Charlie Weston: 'The gender gap will eventually be closed - but it will take time'
When it comes to pensions, women are at a considerable disadvantage.
They earn less than men, work fewer hours and have shorter careers when they do work outside the home.
Their role as carers accounts for much of this, with many taking time out of the workforce to mind children at home during the day, or to look after a relative.
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Others opt out of a full-time job outside the home because the cost of childcare is so high it can sometimes be of only marginal economic benefit to go out to work.
And all this is despite the fact that women live longer than men.
A recent report from the Economic and Social Research Institute (ESRI) found that women who retired get 35pc less in pension income than men. A figure of €153 a week was put on this pensions gender gap. Over a year this means retired women get almost €8,000 less than retired men.
The ESRI found that most retired men they included in the study had worked for more than 30 years, but only a third of women had spent that long in the workforce.
The data in the survey was from 2010. The hope was that things may have improved.
So it is very dispiriting to see another, more up to date, survey showing that women still have saved little for their retirement.
Standard Life-conducted research among 1,000 adults has revealed that the average man who has a private pension will retire with an annual income of €6,500.
For women, the news is grim. Women who have saved into a private pension have three times less, with a retirement income of €2,300, according to Standard Life.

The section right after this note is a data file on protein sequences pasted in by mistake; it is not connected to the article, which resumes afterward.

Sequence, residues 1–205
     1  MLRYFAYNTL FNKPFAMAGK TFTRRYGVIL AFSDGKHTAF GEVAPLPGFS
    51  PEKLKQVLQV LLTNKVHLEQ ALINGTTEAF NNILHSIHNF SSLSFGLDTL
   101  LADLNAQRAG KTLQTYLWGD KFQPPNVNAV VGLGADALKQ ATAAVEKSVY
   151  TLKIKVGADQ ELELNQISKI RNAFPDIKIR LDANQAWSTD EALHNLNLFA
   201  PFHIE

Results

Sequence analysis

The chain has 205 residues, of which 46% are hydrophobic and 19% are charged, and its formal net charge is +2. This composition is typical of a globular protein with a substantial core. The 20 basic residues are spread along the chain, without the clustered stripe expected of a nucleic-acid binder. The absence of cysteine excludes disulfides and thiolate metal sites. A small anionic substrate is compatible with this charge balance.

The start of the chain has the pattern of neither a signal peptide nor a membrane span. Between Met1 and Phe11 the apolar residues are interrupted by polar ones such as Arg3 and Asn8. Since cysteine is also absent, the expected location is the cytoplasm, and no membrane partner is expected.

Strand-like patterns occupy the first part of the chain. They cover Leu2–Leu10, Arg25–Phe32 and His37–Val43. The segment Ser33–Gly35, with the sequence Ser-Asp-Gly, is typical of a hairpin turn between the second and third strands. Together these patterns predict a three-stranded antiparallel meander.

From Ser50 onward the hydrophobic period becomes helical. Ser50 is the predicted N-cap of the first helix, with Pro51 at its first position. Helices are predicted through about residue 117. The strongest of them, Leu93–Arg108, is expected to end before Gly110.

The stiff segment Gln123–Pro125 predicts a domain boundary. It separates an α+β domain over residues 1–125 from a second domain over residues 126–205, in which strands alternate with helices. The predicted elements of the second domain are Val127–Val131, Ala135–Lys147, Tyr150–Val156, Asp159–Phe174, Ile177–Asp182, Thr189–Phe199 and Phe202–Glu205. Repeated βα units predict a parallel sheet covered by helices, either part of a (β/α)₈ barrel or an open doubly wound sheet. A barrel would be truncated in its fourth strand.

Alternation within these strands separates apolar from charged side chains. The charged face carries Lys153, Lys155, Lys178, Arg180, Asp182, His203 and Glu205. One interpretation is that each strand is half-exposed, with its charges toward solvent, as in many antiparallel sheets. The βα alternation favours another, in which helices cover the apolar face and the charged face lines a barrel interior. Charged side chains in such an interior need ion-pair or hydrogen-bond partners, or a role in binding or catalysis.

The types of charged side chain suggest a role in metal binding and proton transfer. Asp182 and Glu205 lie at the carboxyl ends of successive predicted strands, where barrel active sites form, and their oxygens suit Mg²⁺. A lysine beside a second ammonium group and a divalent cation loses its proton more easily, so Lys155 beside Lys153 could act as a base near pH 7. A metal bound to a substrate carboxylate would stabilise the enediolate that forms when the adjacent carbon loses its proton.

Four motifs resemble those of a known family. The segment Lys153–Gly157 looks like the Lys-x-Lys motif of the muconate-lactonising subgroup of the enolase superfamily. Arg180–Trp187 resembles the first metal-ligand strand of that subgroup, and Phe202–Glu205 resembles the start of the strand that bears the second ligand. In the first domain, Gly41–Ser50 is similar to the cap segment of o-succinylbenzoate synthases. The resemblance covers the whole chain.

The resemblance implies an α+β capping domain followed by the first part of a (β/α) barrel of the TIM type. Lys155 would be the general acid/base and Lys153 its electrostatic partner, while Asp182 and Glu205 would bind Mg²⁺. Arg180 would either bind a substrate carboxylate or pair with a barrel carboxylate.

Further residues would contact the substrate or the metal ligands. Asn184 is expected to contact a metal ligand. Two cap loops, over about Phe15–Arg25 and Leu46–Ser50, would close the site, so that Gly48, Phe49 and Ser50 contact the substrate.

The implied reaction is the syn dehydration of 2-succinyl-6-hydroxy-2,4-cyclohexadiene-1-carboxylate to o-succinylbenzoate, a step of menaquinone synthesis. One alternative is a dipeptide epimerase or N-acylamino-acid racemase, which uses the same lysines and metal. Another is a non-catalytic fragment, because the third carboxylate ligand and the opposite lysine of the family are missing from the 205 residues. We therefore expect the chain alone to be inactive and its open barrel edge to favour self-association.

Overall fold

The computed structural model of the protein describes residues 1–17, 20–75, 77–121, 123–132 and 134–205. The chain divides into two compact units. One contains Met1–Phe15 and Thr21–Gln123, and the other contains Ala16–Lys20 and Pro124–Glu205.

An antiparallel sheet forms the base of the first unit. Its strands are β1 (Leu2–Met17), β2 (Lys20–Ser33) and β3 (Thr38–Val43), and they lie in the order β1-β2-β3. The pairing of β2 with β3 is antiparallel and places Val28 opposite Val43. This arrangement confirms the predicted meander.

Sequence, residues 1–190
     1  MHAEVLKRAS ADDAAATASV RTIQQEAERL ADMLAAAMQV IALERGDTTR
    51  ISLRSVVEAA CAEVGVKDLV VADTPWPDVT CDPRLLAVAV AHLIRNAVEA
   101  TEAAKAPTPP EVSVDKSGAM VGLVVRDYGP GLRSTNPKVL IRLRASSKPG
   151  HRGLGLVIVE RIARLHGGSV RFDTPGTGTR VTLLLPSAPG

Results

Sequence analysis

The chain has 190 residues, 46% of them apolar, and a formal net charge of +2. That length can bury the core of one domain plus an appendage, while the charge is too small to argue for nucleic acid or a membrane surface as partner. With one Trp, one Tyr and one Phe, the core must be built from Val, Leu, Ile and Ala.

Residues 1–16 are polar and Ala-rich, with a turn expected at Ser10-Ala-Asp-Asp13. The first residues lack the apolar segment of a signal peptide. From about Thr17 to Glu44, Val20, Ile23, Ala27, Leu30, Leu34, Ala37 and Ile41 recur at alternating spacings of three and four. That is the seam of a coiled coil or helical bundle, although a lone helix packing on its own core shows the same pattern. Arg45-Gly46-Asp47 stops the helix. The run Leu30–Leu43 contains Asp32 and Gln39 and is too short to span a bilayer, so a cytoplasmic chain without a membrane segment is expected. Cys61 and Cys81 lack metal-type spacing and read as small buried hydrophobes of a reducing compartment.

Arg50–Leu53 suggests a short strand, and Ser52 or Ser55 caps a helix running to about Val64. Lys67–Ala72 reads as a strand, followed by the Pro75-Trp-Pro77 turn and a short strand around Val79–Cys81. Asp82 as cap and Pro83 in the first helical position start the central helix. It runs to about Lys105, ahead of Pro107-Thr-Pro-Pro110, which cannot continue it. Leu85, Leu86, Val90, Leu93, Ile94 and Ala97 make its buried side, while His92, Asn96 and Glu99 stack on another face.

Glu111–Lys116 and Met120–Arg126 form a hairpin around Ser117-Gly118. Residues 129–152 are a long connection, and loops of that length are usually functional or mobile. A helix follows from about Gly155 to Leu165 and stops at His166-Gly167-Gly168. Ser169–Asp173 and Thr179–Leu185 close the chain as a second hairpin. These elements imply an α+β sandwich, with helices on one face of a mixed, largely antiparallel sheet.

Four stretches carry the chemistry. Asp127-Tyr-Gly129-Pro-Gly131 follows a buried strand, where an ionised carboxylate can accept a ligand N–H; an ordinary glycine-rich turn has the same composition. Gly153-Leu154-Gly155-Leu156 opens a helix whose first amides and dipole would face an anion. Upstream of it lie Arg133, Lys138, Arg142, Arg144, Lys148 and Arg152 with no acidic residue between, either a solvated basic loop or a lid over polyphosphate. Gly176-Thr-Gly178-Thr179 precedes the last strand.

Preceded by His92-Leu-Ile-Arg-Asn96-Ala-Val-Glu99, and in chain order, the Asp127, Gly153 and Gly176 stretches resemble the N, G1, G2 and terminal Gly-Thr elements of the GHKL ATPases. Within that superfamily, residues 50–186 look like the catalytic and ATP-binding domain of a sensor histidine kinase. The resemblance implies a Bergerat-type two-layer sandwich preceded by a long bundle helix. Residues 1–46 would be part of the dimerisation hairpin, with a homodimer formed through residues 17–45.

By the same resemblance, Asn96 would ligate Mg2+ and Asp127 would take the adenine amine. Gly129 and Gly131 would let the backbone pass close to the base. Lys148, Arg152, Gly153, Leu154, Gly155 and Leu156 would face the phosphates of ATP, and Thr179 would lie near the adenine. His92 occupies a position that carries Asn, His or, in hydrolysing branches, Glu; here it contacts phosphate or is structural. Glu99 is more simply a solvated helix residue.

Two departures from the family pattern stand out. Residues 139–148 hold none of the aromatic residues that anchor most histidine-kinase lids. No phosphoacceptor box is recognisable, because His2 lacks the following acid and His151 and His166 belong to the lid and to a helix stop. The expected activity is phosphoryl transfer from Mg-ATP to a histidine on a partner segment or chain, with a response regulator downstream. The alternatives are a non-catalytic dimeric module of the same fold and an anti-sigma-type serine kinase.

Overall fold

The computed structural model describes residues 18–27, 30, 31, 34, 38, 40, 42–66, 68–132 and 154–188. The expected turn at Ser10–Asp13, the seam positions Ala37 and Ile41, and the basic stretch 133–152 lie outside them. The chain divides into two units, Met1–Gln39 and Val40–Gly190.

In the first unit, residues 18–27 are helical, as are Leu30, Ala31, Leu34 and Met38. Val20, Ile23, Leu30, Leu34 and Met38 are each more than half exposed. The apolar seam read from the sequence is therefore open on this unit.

The figures exclude the State pension which is around €12,900 a year, but they include people with a public-sector pension.
The research found that women with higher educational attainments were less likely to suffer a gender pensions gap. No gender gap was found when it comes to those who receive a State pension.
That's the bad news. The bright spot is that many women seem to have wised-up to the need to have a financially comfortable retirement.
This is evidenced from the findings in the Standard Life research that shows an impressive 40pc rise in female pension ownership in the last year.
There is still a long way to go, but many women appear to have cottoned on to the need for action. They are aware of the gender pension gap.
They have realised it is not worth waiting for the Government's much-promised auto-enrolment pension scheme for those with no private or occupational pension.
So they are increasingly doing it for themselves when it comes to providing for those years after they leave the workforce, and are less inclined to rely on husbands or partners. It all means the pensions gender gap will eventually be closed, but it will take a long while.